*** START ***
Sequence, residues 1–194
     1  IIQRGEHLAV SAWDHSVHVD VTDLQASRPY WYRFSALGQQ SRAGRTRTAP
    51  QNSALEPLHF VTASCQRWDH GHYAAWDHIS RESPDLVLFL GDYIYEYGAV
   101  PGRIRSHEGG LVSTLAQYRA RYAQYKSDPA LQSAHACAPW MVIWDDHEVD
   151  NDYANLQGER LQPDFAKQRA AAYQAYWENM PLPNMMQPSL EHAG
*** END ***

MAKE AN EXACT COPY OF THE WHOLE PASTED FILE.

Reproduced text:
Sequence, residues 1–194
     1  IIQRGEHLAV SAWDHSVHVD VTDLQASRPY WYRFSALGQQ SRAGRTRTAP
    51  QNSALEPLHF VTASCQRWDH GHYAAWDHIS RESPDLVLFL GDYIYEYGAV
   101  PGRIRSHEGG LVSTLAQYRA RYAQYKSDPA LQSAHACAPW MVIWDDHEVD
   151  NDYANLQGER LQPDFAKQRA AAYQAYWENM PLPNMMQPSL EHAG